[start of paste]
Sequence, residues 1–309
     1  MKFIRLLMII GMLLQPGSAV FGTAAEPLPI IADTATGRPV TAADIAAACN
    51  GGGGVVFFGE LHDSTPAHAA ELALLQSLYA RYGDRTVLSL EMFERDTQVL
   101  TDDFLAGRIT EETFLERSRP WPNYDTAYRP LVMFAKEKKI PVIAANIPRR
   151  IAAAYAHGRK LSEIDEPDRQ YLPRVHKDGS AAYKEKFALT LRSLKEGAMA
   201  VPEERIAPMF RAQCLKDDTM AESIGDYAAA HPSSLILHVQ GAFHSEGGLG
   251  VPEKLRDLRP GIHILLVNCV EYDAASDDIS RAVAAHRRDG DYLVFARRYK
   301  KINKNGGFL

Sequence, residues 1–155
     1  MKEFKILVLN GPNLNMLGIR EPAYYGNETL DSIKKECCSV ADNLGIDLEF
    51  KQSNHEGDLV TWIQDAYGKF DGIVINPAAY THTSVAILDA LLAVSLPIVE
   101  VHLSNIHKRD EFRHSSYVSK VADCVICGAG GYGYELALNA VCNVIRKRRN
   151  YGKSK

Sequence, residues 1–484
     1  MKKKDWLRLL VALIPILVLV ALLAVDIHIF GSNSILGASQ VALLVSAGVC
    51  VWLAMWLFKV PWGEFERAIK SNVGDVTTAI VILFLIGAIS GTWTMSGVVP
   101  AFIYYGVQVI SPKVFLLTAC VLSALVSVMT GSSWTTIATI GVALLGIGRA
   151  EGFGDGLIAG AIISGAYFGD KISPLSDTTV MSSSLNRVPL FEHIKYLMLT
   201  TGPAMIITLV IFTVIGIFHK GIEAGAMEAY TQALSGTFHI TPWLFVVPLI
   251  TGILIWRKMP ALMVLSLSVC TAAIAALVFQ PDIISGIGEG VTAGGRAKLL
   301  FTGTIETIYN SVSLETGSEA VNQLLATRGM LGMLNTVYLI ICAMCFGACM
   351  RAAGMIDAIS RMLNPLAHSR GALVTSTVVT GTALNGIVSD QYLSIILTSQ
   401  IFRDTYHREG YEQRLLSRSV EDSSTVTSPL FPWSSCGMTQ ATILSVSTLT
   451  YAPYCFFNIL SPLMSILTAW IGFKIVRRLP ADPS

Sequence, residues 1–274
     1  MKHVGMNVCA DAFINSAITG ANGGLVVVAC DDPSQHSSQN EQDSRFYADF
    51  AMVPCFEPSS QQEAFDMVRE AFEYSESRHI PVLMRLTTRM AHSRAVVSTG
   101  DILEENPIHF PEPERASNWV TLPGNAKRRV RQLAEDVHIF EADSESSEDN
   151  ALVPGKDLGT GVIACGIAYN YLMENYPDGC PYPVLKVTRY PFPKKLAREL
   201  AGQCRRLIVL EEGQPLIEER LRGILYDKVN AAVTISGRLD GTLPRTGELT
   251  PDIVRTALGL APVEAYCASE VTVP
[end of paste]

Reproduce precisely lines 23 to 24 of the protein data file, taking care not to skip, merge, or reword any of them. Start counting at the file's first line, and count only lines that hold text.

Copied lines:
   401  IFRDTYHREG YEQRLLSRSV EDSSTVTSPL FPWSSCGMTQ ATILSVSTLT
   451  YAPYCFFNIL SPLMSILTAW IGFKIVRRLP ADPS